Gap Inc. became the latest retailer to furlough employees en masse while stores remain closed because of the coronavirus spreading through North America and Europe.
On Monday, the owner of Old Navy, Banana Republic, and Gap said that stores in those markets would stay closed past the initial April 1 date on which the company had hoped to reopen stores. Earlier on Monday, Macy’s announced it was furloughing the majority of its 130,000 workers.
Gap Inc. had taken steps in recent weeks to stanch the outflow of cash while much of its business ground to a halt, such as drawing down its $500 million credit line, suspending its dividend, and cutting capital expenditures. But the threat to Gap Inc. has only worsened since stores closed on March 18.
“We are now in a position where we must take deeper actions,” said Gap Inc. CEO Sonia Syngal, who took the reins earlier this month after years as head of Old Navy. In addition to the furloughs, Gap Inc. is laying off some staff at its San Francisco headquarters.
Before the outbreak, which has sickened at least 150,000 Americans so far and decimated company sales in March, Gap Inc. was already dealing with enormous challenges. Its namesake brand has been in decline for years, hurt by merchandise that has failed to stand out. Banana Republic has been hurt in recent years by the growth of casual wear. And Old Navy, long its juggernaut, has experienced an uneven performance in the past year. Prolonged closings will only make it harder for Gap Inc. to implement its plan to win shoppers back.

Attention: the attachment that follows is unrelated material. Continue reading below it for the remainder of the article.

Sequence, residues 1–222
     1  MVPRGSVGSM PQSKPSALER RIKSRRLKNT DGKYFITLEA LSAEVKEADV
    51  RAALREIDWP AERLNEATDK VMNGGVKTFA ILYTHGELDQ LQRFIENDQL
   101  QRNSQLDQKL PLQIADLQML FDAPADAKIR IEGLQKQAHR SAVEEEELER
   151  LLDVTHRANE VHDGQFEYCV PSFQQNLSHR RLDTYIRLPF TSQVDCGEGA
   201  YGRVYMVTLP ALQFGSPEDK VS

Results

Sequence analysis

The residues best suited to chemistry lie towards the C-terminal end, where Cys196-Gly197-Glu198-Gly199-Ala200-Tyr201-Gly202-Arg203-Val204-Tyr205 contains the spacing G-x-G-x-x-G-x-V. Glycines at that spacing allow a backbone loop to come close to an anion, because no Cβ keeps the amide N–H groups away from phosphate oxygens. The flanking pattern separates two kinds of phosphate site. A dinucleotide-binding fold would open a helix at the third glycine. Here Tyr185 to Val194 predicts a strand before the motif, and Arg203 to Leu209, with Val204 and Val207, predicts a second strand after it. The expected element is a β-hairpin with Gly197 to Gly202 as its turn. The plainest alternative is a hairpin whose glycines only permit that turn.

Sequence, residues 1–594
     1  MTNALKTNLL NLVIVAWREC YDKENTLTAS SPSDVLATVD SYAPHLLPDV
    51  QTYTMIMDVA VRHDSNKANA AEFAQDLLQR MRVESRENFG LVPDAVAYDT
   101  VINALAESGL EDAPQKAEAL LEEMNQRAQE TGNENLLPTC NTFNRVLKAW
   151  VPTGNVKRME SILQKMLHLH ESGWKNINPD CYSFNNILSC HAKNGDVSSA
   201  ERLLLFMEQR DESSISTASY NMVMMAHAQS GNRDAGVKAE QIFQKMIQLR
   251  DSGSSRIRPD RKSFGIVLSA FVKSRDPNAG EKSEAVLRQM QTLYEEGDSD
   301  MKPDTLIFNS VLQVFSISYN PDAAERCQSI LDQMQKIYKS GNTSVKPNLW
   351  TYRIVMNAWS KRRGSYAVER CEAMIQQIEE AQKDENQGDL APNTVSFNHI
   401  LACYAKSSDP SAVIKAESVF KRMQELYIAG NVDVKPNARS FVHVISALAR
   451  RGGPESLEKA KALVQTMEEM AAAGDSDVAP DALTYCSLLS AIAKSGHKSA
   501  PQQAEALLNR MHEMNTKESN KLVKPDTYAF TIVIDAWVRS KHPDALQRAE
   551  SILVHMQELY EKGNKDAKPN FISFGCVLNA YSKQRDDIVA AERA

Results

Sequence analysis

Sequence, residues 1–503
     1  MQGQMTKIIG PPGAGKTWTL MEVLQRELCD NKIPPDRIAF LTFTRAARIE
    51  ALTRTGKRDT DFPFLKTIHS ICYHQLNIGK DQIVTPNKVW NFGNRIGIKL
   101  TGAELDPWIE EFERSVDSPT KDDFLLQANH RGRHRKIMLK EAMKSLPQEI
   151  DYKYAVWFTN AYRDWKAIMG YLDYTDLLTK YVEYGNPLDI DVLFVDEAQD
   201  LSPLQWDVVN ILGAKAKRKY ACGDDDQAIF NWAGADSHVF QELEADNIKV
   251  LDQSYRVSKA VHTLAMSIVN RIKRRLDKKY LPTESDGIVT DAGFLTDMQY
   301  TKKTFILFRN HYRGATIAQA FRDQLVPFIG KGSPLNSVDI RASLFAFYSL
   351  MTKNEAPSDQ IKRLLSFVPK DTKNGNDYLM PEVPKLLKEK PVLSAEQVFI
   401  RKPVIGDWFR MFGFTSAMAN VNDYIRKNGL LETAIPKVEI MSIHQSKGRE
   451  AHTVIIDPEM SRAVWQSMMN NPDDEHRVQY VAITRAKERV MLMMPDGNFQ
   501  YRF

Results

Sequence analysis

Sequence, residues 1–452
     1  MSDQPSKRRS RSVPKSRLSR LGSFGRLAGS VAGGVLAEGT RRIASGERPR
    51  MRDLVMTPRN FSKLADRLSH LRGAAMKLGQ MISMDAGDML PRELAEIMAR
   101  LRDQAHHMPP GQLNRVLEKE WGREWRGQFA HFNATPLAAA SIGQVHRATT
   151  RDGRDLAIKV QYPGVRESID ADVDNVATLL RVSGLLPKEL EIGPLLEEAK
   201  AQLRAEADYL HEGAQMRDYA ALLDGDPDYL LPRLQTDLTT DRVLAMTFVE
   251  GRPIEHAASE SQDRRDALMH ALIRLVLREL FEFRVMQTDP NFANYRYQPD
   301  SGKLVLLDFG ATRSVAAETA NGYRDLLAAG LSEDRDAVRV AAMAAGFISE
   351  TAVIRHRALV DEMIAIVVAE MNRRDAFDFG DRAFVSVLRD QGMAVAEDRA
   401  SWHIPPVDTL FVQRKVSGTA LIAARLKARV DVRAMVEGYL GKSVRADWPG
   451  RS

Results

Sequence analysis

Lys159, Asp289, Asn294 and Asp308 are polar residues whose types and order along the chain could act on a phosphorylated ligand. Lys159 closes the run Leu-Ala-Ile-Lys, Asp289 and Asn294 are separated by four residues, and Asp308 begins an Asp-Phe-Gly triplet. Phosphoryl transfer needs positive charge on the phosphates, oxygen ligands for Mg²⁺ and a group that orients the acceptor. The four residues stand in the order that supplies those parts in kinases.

Gap Inc.’s problems also illustrate how even brick-and-mortar retailers adept at e-commerce won’t be spared by the economic toll of the pandemic. The company garners about 20% of its sales online, amounting to more than $3 billion. But people’s spending has shifted to essentials rather than clothing during the crisis, all the more since tens of millions of Americans are working from home and can’t go out.
In addition to the furloughs, Gap Inc. said its top executives and directors would take a compensation cut.
With GlobalData Retail estimating that some 40% of all American stores are closed, the industry, particularly apparel chains, is bracing for more furloughs on a scale that will shake the entire economy: 52 million Americans work in retail in the United States. Last week, the Labor Department said that a record 3.3 million Americans had applied for unemployment benefits the week before.
Other retailers that have recently announced furloughs of store workers include Ascena Retail, which owns Ann Taylor and Lane Bryant; Tailored Brands, owner of Men’s Wearhouse; and Bath & Body Works parent L Brands.
More must-read retail coverage from Fortune:
—Everything you need to know about furloughs
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—How re-commerce players like Poshmark and eBay are adapting to the coronavirus
—How Nike is overcoming the coronavirus impact on its China business
—It may be a while before many of America’s stores open again
—Listen to Leadership Next, a Fortune podcast examining the evolving role of CEOs
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